We’ve recently seen some interesting developments with Mark Logic in the financial services sector, particularly in the area of derivatives.
The activity started with our partnership with docGenix, a spin-off from legal powerhouse Allen & Overy, who has built a MarkLogic-based application for managing derivatives contracts. I’ve blogged about docGenix previously in this post entitled MarkLogic Unleashed on Contracts.
When you boil it down, there are two primary IT problems with derivatives trades:
- Managing the thousands to tens-of-thousands of pair-wise master agreements that govern the trading between parties. These documents, in the absence of an exchange, provide the legal framework for trading, covering such terms as risk management and the effect on the business relationship in the event of, say, a credit downgrade for one of the parties. This is what docGenix does. They don’t just store the information — much more importantly, they provide tools to let you analyze it.
- Managing the trading records associated with individual derivatives trades. These trades are traded “over the counter” with the final record exchanged in financial products markup language (FpML), an XML standard format for swaps, derivatives, and structured products.
The very flexibility and rapid evolution of over-the-counter (OTC) derivatives has challenged technology. For most of the life of the OTC derivatives industry, technology development has focused on building tools for pricing and risk managing these transactions, functions that are primarily internal to the firms entering these transactions. Because of the wide variety and rapid change in the products that are traded, it has typically been viewed as not cost effective to build standard electronic mechanisms for interchanging details of the transactions between participating firms. The perpetual fear was that any such standardized data interchange mechanism would be doomed to being obsolete, as new product attributes could not be added and agreed to in the data interchange standard as quickly as they could be by trading desks.
Per the site again, FpML aims to deliver the following benefits:
- Financial instruments are specified in a format that is readable to both computers and humans. This enables system-to-system communication within business-to-business e-commerce applications.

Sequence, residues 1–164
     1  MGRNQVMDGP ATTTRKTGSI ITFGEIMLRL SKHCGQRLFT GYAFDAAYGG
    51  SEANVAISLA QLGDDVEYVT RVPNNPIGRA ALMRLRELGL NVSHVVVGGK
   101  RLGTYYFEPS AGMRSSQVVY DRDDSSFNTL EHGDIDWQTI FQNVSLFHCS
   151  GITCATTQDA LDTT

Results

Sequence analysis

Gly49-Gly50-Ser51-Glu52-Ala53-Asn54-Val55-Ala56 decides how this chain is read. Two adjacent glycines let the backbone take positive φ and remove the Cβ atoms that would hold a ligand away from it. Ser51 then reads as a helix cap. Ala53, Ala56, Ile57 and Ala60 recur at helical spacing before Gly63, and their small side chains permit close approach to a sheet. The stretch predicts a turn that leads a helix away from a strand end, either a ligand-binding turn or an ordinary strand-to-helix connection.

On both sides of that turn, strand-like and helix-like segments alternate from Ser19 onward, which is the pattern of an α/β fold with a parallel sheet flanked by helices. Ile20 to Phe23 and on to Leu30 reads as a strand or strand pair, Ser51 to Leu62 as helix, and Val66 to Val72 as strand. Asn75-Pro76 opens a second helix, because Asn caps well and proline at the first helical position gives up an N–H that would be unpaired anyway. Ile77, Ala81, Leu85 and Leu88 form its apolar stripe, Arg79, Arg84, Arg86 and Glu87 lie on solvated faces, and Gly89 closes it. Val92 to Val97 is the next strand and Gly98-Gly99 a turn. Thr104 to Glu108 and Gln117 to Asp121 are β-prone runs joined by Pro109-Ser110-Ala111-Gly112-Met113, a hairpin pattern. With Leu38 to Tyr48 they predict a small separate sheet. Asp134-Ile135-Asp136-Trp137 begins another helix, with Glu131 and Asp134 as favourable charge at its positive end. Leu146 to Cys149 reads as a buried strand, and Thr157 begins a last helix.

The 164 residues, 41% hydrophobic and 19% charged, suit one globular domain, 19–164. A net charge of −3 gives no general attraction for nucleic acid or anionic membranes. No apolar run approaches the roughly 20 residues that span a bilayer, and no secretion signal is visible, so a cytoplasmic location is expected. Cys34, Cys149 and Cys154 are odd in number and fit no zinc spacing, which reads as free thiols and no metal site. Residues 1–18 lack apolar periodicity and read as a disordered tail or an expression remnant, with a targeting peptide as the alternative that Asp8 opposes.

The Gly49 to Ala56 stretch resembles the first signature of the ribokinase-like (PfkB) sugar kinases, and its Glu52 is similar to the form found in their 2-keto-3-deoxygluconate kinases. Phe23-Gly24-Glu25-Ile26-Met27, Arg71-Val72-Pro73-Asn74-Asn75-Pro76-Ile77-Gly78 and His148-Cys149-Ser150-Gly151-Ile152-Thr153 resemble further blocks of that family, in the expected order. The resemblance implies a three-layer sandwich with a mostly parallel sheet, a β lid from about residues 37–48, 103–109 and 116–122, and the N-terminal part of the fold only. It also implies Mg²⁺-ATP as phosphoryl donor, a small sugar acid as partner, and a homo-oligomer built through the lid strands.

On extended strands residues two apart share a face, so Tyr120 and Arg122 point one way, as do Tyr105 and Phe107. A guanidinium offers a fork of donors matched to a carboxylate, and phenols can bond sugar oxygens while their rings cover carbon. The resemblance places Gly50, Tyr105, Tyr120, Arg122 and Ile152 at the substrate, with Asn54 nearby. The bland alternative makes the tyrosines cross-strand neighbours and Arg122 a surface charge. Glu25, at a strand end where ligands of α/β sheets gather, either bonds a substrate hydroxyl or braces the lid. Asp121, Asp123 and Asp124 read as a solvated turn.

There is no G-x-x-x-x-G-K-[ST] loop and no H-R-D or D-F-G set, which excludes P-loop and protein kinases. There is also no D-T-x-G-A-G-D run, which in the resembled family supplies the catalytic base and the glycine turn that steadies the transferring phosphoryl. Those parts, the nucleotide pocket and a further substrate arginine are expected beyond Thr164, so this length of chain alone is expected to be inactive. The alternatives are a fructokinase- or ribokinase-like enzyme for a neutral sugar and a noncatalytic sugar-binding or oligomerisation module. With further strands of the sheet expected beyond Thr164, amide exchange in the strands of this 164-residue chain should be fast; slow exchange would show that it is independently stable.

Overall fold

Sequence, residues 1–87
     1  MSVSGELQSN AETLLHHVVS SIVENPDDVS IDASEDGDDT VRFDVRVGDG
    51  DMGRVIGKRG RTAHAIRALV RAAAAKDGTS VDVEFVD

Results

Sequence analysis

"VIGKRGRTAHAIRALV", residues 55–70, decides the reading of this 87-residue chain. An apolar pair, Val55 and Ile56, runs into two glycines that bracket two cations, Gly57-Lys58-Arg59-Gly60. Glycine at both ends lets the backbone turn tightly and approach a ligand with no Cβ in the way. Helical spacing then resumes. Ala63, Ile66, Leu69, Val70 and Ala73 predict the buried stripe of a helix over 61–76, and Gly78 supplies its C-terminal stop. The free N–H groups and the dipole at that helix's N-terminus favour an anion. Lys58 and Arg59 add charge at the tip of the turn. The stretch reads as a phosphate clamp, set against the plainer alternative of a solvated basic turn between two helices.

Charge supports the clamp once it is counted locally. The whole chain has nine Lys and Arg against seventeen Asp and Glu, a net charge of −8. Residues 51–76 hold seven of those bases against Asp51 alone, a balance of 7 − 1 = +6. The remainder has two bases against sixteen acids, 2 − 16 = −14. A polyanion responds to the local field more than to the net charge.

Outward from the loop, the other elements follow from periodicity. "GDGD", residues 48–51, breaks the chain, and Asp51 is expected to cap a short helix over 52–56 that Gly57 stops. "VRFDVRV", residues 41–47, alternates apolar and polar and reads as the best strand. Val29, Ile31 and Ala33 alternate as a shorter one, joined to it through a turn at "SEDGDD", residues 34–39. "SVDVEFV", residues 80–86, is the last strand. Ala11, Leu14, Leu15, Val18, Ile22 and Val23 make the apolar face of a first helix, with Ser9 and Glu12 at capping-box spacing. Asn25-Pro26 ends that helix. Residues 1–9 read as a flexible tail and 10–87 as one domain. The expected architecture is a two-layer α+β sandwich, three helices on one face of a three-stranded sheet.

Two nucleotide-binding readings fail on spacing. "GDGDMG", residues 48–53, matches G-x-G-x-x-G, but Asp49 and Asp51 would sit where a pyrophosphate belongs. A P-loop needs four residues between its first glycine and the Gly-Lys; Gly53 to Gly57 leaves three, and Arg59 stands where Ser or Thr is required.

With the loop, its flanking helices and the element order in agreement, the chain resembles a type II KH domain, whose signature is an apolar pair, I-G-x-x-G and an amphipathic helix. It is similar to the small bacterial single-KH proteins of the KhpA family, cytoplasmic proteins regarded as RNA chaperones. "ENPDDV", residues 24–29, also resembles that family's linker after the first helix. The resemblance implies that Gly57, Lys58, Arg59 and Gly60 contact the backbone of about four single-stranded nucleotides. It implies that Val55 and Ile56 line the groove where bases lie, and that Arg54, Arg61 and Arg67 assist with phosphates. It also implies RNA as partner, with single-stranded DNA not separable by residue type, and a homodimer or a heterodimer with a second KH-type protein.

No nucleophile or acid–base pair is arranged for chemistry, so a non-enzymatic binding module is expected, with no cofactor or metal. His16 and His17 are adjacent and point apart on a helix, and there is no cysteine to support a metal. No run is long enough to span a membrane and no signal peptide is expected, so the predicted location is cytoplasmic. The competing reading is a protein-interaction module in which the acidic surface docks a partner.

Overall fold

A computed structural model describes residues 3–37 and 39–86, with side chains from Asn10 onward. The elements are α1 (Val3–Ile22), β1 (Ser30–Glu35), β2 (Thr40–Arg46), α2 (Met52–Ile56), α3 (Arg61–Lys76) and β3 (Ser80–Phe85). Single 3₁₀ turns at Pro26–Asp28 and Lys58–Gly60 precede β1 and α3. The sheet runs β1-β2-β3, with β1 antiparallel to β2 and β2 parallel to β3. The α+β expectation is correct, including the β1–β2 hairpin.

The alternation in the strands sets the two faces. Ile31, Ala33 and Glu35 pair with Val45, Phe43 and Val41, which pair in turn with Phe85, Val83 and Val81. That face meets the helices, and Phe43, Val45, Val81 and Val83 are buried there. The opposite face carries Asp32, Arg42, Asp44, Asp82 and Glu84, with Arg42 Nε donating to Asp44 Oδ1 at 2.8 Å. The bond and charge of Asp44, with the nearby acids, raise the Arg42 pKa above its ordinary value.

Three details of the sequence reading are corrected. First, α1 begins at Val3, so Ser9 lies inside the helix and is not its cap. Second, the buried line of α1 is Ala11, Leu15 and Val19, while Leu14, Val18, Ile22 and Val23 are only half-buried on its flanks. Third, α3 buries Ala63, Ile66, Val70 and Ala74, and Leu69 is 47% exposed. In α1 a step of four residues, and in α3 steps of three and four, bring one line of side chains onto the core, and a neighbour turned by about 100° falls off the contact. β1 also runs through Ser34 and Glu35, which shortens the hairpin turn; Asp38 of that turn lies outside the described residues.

- Financial information can be readily exchanged between diverse sets of applications, as applications and technology vendors provide both turn-key applications and core technology that support FpML-based information exchange.
- Processing costs will be reduced as a result of lower communication costs between applications and lower system implementation costs.
- The wholesale financial services market can take advantage of interactive technology to reduce operational risks while increasing business opportunities.
From the Mark Logic perspective, there are several attractive things about FpML.
- It’s XML-based. We believe MarkLogic Server is the world’s best place to put XML, so we love XML-based standards formats.
- It’s constantly evolving. Looking at the most recent specifications (registration required), you can see versions: 1.0, 2.0, 3.0, 4.0, 4.1, 4.2, 4.3, 4.4, 4.5, 4.6, 4.7 second working draft, and 5.0 working draft. From a technology perspective, it makes sense that the standard evolves. But from an XML repository perspective, it makes the information semi-structured and thus difficult to manage using traditional storage technologies such as relational databases. (Information in 6 different well defined formats is certainly not well structured, but it’s certainly not unstructured either. Hence, my preference for semi-structured as a way to describe this and other somewhat-structured information.)
- It’s complex. Wading through hundreds of pages of the standard makes it clear that managing an FpML repository is not for XML dilettantes.
- It’s big. I’m told that FpML respositories will run, order of magnitude, in the 10 to 100 TB range. Scaling to this range is just one thing that breaks RDBMSs when trying to store FpML.
- High-performance is required. MarkLogic specializes in high-performance queries against multi-terabyte, semi-structured XML repositories.
This is a new area for us — we are just starting to work with the first few customers — but it’s an area that holds a lot of promise for both technological and business (e.g., increasing focus on transparency with derivatives) reasons.
If this is something you’re looking at doing, give me a ping at ceo-at-marklogic-dot-com.